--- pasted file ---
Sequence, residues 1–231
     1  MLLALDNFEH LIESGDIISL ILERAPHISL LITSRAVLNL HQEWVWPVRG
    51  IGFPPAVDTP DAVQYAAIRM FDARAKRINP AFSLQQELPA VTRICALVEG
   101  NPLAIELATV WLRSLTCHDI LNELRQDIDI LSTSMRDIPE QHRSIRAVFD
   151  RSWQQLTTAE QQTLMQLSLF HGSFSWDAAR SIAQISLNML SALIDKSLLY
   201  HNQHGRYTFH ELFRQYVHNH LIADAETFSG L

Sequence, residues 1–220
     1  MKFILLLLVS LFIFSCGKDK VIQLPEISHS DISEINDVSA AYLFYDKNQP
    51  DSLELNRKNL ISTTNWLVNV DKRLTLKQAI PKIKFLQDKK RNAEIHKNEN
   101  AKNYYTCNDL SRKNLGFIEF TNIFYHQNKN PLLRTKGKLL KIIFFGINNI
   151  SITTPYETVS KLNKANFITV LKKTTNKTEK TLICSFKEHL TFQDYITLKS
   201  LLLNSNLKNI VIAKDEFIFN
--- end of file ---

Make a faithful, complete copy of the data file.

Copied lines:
Sequence, residues 1–231
     1  MLLALDNFEH LIESGDIISL ILERAPHISL LITSRAVLNL HQEWVWPVRG
    51  IGFPPAVDTP DAVQYAAIRM FDARAKRINP AFSLQQELPA VTRICALVEG
   101  NPLAIELATV WLRSLTCHDI LNELRQDIDI LSTSMRDIPE QHRSIRAVFD
   151  RSWQQLTTAE QQTLMQLSLF HGSFSWDAAR SIAQISLNML SALIDKSLLY
   201  HNQHGRYTFH ELFRQYVHNH LIADAETFSG L

Sequence, residues 1–220
     1  MKFILLLLVS LFIFSCGKDK VIQLPEISHS DISEINDVSA AYLFYDKNQP
    51  DSLELNRKNL ISTTNWLVNV DKRLTLKQAI PKIKFLQDKK RNAEIHKNEN
   101  AKNYYTCNDL SRKNLGFIEF TNIFYHQNKN PLLRTKGKLL KIIFFGINNI
   151  SITTPYETVS KLNKANFITV LKKTTNKTEK TLICSFKEHL TFQDYITLKS
   201  LLLNSNLKNI VIAKDEFIFN